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VW Camper Van Restoration 'Project Paws' Part Three

Text and photos by Adrian Chandler - edited and presented by Aidan O'Rourke

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Preparing to install a replacement engine Whilst the engine is out, it is well worth removing the firewall panel and removing the petrol tank to check all the rubber pipe connections are OK and the tank for rust. I replaced the engine without doing this only to find there was a big smell of petrol coming into the van, caused by cracked rubber pipes on the breather pipes inside the tank compartment, as well as the filler pipe itself, which is much easier to replace if you have the offside rear wheel arch panel off & the engine out (through the circular door). The tank firewall panel does not come off with the engine in situ, so it is worth adapting it whilst off to make it possible to remove it with the engine in place for maintenance reasons.

Front and side doors: these were rusty at the bottom as usual, but once off the van they are straightforward to weld and repair. Door skins are available, or as in my case new metal can be welded in, then waxoiled inside. I found a rust hole on the roof at each of the 4 corners where the fibreglass plinth sits for the Devon style lifting roof. These could only be repaired with the entire roof off (a lot of screws to remove and takes time!).

The front axle had rust inside the box sections at the bottom. Once the axle is removed it is possible to remove and replace the corroded areas with careful metalwork and strong welds. Once all panels had been welded in there followed many hours of grinding and smoothing over joins with a good tough filler.

Replacement engine found on eBay

Paws camping

I found a complete twin carbed type 4 1700 engine, once again on eBay. This cost £250 and was stripped for inspection. I replaced the pistons due to scratched sides and bores for 1mm oversize (rare items found by John at Lines Motor Works in Shirley, Southampton) and rebored the barrels. The heads were given all new guides and stainless valves. New big end shells were fitted.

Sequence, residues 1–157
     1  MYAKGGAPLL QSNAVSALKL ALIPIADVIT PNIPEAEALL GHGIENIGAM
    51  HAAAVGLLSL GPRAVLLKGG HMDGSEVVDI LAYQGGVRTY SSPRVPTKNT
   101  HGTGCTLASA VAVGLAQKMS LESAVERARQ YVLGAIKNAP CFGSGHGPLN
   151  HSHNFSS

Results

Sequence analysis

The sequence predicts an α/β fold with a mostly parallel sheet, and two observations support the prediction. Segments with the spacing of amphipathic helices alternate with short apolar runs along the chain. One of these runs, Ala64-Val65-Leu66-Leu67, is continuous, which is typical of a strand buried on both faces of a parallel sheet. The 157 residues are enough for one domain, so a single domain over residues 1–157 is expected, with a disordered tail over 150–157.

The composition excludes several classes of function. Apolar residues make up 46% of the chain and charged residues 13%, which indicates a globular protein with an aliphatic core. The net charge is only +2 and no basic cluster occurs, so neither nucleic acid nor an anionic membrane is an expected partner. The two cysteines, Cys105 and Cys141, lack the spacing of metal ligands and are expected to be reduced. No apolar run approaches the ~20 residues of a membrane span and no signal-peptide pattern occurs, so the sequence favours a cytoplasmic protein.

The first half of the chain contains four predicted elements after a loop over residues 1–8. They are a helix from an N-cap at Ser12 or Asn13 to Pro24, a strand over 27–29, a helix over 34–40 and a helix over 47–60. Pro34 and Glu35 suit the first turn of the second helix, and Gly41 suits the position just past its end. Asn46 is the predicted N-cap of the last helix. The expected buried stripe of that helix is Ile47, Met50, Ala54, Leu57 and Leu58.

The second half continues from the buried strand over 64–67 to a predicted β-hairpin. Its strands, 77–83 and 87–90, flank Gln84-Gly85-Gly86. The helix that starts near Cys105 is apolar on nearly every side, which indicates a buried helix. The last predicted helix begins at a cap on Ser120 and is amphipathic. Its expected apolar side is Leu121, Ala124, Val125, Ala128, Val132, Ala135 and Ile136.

I took a gamble on not splitting the crankcase to replace the other bearings and luckily it has paid off as there is very good oil pressure, and the engine now runs smoothly, although setting up old twin solex carbs to run properly takes patience! Type 4 engines are durable as they are aluminium blocks and the studs donít seem to pull out like they do on Type 1 cases.

One final tip I discovered when replacing rusty the brake servo: the servo as fitted to Mark 2 VW Scirrocos and Golfs is the same shape and size (8") as servos on Type 2s, so don't get ripped off buying an advertised new one for around £200 (9" and hits the handbrake cable!), go to your local breakers yard and save yourself £150. There is a small modification required where the push rod screws on to the servo, but it is an easy mod.

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1968 VW Beetle renovated by Adrian ChandlerAdrian Chandler offers detailed air-cooled vehicle inspections at £100 plus travelling expenses of 75p per mile (one way) from Ringwood (Hampshire, southern England/UK). He can also undertake travelling mechanical restoration services on air-cooled VWs, priced at £40 per hour. Adrian restored this 1968 1500 Beetle, and has over 27 years experience with air-cooled VWs. To contact Adrian, e-mail adrian@cwad.fsnet.co.uk or phone 07785 941676.

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